quartertone flugelhorn, percussion
c. 10-11 minutes
example of a Möbius strip
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“The characteristic polarity of life is at the level of the membrane…the entire mass of living matter contained in the internal space is actively present to the external world at the limit of the living…To belong to interiority does not mean only to be ‘inside’, but to be on the ‘in-side’ of the limit...At the level of the polarized membrane, internal past and external future face one another”
- Gilbert Simondon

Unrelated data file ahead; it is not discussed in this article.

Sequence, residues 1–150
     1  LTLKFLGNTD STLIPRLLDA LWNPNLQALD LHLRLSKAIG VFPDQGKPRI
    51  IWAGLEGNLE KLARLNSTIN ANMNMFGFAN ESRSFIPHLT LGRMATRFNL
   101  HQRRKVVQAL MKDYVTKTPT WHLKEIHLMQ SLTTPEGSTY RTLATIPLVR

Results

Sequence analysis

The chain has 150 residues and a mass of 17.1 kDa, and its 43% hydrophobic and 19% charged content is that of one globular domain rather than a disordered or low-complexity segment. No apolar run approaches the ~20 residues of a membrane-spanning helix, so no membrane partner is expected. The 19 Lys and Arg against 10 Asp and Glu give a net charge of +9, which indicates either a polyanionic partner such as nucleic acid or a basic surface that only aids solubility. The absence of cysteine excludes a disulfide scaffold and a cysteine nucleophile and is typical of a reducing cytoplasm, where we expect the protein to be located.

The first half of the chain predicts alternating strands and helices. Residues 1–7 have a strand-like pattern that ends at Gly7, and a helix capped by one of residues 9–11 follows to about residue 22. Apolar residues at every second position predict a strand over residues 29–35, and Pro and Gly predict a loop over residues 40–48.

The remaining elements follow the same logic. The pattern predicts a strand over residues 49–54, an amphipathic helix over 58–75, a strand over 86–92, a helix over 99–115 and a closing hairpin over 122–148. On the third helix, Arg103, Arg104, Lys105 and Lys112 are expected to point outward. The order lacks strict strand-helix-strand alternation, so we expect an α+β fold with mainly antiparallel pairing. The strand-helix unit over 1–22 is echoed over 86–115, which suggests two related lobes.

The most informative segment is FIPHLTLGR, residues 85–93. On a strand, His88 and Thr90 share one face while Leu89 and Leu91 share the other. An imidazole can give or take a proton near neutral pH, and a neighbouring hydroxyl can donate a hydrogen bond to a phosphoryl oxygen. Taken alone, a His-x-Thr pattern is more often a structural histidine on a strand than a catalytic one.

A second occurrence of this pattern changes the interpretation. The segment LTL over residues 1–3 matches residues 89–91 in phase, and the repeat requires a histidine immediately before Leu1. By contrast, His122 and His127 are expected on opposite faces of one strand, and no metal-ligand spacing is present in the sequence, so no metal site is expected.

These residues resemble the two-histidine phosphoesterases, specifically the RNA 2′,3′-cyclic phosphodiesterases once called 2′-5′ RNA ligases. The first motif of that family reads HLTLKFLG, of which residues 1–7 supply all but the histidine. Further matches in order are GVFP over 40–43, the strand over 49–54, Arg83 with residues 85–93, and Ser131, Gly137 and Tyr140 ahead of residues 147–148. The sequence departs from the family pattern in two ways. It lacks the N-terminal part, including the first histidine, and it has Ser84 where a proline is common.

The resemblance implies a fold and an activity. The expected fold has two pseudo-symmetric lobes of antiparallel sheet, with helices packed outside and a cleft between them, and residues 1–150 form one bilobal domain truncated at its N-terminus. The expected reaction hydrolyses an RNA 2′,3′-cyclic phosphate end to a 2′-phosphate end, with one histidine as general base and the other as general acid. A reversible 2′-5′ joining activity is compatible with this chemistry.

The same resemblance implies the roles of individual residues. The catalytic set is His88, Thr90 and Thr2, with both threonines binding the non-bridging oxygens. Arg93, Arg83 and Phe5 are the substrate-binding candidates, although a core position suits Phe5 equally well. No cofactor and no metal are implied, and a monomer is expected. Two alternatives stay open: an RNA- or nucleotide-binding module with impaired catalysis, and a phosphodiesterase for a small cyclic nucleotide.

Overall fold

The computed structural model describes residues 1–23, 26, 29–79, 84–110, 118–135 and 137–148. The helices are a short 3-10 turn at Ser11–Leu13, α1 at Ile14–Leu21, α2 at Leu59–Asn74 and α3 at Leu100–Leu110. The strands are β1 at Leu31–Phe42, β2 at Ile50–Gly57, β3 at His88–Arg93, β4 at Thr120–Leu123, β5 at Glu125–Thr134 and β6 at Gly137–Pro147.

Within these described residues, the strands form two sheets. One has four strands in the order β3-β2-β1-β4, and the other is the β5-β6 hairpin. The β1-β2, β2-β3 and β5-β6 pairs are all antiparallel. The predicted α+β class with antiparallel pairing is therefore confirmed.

I first came across the above quote whilst reading Deleuze and Guattari’s Logic of Sense. In my pre-planning for the piece, I had been pondering how to approach such a disparate instrumental combination in order to create a sound-world that would be a synthesis of the two instruments. The flugelhorn and percussion parts act as simultaneous pitched/un-pitched ‘tracings’ of each-other, often making use of sounds that attempt to ‘bridge the gap’ between the instruments. Many of these sounds have fragmented qualities (e.g. split tones, trills, tremolos, flutterings, scrapings, muted murmurings, etc.) which, as they are sustained for long periods of time, allow glimpses into the unstable, inconsistent behaviours of the sounds themselves as they are produced; the audience is granted intimate insight into the technique of the performers. in-side is a sonic exploration of the literal insides of the flugelhorn and percussion instruments, with the resultant sounds being the result of those explorations. In Logic of Sense, Deleuze discusses the concept of the “Möbius strip” (a surface with one continuous side), using Fortunatus’ purse in Lewis Carroll’s Sylvie and Bruno as an example; it is made of handkerchiefs ‘sewn in the wrong way,’ and thus envelops the entire world - rendering the outside of the purse inside and vice-versa. in-side is in itself a Möbius strip of sorts; the ‘outside’ environment of the audience and performance space faces the ‘inside’ environment of the performers and instruments, with the level of the polarized membrane being the very surfaces of the instruments themselves.